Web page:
• A
  • A
  • A
  • АБB
  • АБB
  • АБB
  • А
  • А
  • А
  • А
  • А
Обычная версия сайта

Препринт

It's Not the Economy Stupid! Is Russia-US Trade Really Underdeveloped? A Test Using Gravity Models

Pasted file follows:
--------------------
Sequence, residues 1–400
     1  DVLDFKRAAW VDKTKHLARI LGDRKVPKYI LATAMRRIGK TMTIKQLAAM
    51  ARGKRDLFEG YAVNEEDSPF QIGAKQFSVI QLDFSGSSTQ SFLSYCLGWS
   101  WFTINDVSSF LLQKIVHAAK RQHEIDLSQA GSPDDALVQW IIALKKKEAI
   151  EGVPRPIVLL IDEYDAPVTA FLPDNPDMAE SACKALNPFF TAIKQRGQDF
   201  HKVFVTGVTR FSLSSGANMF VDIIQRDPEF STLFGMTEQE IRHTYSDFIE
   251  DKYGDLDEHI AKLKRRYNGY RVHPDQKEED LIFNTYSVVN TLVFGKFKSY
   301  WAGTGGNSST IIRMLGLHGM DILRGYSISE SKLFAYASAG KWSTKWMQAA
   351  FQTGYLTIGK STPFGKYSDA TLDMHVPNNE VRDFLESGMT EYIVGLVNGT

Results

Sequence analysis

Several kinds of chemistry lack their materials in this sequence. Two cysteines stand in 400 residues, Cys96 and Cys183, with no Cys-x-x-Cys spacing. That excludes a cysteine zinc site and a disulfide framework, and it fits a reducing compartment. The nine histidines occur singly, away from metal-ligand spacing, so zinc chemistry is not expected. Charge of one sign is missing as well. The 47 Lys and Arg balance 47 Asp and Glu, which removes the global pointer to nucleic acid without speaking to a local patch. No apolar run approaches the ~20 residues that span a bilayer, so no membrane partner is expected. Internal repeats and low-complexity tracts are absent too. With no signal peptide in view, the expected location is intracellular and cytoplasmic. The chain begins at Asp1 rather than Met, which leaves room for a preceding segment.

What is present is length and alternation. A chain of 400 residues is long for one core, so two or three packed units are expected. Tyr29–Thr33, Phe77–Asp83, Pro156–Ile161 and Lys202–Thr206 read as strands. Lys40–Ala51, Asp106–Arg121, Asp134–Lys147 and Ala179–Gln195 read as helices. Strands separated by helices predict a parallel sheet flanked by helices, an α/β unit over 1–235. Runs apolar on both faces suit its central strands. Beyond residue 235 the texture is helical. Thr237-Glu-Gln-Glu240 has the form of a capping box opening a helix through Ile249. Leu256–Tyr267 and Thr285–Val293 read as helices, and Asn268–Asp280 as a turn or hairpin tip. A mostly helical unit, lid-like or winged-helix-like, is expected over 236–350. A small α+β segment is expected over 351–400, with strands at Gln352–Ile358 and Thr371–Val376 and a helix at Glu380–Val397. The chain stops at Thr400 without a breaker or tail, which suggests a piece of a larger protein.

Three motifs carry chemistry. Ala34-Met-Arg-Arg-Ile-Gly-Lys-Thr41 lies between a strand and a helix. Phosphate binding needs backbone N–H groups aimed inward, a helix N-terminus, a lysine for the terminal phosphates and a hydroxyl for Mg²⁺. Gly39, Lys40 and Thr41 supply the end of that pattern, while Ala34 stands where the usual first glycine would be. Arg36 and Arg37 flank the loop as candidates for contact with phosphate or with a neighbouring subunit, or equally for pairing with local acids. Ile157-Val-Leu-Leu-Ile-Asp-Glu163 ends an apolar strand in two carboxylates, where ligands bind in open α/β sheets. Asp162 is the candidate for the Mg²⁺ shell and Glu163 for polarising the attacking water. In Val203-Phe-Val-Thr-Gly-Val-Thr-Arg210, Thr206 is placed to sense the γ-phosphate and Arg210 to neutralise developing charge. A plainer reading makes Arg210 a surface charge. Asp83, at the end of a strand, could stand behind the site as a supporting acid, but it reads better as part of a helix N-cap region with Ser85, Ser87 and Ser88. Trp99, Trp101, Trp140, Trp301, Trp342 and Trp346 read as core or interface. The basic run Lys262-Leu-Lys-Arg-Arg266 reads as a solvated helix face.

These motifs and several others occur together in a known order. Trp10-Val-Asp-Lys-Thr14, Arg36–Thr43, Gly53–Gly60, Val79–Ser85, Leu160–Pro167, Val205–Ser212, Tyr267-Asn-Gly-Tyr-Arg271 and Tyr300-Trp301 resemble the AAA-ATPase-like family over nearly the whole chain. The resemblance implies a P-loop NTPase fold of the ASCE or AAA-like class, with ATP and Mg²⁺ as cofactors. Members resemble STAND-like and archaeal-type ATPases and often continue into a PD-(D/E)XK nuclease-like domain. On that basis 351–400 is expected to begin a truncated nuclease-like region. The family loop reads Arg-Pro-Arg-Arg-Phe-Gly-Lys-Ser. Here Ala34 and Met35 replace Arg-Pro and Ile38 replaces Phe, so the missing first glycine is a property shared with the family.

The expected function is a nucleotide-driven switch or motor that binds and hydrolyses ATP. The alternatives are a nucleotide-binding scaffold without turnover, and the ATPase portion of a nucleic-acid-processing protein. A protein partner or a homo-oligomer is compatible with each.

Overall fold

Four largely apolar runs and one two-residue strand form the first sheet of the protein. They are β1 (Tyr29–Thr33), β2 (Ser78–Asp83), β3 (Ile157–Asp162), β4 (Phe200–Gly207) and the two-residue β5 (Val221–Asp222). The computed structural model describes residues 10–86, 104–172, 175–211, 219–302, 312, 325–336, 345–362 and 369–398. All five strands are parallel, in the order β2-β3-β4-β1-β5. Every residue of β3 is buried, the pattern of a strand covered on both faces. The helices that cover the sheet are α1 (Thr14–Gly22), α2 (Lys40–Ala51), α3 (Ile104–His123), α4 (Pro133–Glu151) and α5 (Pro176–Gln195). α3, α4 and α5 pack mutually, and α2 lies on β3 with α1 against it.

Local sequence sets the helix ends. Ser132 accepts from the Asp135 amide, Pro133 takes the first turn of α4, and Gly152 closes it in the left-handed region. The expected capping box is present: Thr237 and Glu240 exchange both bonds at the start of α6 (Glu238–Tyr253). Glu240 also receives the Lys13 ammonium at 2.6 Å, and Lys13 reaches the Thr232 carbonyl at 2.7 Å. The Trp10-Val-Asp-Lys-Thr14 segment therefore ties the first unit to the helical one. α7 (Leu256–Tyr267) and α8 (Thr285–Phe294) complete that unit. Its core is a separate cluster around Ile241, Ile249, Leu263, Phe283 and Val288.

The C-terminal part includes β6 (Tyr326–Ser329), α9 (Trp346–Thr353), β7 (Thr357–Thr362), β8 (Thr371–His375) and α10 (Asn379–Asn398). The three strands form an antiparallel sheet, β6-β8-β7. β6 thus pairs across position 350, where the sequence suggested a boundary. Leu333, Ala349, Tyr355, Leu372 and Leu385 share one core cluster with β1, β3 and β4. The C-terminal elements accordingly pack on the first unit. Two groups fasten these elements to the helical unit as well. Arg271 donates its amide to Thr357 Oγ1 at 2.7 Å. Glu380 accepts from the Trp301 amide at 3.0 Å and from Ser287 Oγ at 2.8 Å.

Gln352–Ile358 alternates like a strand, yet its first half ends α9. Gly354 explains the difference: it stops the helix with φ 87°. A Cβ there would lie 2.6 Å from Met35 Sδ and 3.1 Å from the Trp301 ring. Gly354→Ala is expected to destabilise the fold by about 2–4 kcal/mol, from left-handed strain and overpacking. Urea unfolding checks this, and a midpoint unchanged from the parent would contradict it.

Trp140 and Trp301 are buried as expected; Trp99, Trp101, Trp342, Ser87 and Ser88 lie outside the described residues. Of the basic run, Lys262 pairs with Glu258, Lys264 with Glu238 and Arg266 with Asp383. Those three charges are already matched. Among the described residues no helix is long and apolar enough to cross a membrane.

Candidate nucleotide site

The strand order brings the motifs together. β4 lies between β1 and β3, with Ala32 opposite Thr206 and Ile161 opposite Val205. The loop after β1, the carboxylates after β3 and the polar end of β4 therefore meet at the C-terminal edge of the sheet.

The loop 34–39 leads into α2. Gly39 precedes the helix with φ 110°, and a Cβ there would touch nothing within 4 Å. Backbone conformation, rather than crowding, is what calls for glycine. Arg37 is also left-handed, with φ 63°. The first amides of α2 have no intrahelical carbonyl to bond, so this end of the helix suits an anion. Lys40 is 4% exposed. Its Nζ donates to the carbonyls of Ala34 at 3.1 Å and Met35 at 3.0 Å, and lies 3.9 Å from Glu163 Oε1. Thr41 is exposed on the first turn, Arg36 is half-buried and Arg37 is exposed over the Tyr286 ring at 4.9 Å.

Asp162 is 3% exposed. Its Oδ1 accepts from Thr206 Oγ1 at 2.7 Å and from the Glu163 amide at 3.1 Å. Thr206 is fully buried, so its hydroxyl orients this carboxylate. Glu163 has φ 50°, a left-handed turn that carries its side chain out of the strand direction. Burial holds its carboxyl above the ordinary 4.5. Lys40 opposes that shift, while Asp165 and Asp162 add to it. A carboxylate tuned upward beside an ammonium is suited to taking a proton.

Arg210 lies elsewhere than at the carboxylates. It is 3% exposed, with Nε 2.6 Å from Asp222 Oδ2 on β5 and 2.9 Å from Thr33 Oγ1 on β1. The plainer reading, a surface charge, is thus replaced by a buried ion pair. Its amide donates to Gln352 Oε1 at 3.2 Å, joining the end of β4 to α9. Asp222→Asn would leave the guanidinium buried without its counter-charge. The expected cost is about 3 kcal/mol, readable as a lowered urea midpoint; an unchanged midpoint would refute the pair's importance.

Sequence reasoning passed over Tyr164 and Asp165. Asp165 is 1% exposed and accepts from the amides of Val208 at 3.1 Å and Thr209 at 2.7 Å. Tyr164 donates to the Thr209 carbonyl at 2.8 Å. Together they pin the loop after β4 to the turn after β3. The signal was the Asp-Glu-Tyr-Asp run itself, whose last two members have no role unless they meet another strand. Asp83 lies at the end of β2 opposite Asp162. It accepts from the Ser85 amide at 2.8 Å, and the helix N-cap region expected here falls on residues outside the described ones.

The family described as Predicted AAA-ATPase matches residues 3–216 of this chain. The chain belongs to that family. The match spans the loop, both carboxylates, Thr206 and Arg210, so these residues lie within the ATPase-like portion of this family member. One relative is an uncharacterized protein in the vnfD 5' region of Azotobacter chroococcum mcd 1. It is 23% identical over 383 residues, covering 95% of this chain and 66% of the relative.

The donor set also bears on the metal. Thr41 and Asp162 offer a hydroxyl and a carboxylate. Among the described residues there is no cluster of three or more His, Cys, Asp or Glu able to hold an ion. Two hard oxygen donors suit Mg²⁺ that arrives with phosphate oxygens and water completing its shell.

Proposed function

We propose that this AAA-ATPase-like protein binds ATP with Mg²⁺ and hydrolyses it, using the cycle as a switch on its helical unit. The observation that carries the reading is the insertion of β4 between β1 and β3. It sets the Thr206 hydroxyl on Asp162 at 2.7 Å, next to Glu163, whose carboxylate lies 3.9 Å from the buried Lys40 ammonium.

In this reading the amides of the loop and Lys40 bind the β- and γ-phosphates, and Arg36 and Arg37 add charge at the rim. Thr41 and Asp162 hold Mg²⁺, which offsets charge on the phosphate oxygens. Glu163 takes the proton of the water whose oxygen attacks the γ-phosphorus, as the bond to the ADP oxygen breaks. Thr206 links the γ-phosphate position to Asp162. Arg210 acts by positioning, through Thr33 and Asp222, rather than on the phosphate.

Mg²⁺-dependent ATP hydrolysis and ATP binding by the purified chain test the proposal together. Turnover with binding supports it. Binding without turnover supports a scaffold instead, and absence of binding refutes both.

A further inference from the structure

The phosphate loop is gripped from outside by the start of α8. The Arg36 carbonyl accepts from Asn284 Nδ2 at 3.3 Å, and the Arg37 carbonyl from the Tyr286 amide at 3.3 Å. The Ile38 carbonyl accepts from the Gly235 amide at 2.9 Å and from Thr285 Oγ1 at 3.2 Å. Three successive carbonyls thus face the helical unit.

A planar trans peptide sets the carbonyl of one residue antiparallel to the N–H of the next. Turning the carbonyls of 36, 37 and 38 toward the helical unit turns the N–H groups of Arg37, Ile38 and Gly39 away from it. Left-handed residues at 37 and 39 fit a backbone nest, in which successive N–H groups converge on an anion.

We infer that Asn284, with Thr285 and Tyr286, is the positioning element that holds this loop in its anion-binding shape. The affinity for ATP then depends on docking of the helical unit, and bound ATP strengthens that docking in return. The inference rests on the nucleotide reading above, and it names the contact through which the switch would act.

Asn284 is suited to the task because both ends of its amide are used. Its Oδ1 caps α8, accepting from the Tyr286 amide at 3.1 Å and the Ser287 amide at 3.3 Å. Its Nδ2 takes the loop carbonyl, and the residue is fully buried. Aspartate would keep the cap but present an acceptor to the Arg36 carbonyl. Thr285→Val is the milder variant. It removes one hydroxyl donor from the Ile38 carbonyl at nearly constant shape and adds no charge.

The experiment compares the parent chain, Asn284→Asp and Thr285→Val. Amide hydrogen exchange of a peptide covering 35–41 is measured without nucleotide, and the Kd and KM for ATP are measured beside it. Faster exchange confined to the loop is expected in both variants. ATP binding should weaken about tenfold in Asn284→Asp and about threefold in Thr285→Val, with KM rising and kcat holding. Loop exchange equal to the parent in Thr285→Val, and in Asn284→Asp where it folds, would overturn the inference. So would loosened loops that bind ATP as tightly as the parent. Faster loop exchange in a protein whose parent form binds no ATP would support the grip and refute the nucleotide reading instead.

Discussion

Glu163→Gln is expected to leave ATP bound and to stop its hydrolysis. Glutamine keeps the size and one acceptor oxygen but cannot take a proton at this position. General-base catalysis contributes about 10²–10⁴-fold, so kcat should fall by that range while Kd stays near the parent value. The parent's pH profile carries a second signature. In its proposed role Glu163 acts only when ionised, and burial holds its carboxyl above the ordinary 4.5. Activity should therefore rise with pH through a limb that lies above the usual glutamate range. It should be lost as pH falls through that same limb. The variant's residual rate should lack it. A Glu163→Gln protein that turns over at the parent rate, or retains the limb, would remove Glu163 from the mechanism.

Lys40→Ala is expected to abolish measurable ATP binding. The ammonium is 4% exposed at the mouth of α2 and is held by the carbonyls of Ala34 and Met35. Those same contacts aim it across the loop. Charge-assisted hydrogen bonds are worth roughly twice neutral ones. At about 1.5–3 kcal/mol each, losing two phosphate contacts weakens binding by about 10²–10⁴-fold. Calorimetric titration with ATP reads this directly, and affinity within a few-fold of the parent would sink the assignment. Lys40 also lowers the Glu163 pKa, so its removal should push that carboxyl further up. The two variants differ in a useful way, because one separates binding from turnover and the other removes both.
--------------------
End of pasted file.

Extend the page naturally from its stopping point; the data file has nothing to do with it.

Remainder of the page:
Politicians, pundits and experts in both Russia and the US frequently bemoan the “underdevelopment” of US-Russia trade, arguing that political factors have inhibited the development of economic ties. It is also often argued that political relations between the two countries would also be more cooperative and less conflictual if these ties developed up to their full potential. The paper seeks to test the conventional wisdom that the US-Russia trade is underdeveloped by employing a standard gravity model to measure where trade between the two countries “should” be. We find no evidence that the US-Russia trade is underdeveloped. In terms of its ability to live up to the predictions of the model, trade between the two countries is predicted by the standard determinants of trade, suggesting that there is nothing erratic about the US-Russia trade and it behaves like any average country pair. These findings suggest that USRussia trade relations actually live up to their economic potential and that the commonly held idea that political relations between Russia and the US can be dramatically improved by tapping into the “unfulfilled” promise of improved trade relations is unfounded. Moreover, our analysis demonstrates that the sectorial structure of the two economies, factor endowments and comparative advantages do not seem to indicate that there is significant potential for increased trade, as the conventional wisdom would suggest. The conventional view argues that poor political relations have impeded the development of economic relations between the two states. But, in fact, the opposite may be true: relations between the US and Russia are characterized by rivalry and conflict because there is little solid economic grounds for more pacific relations.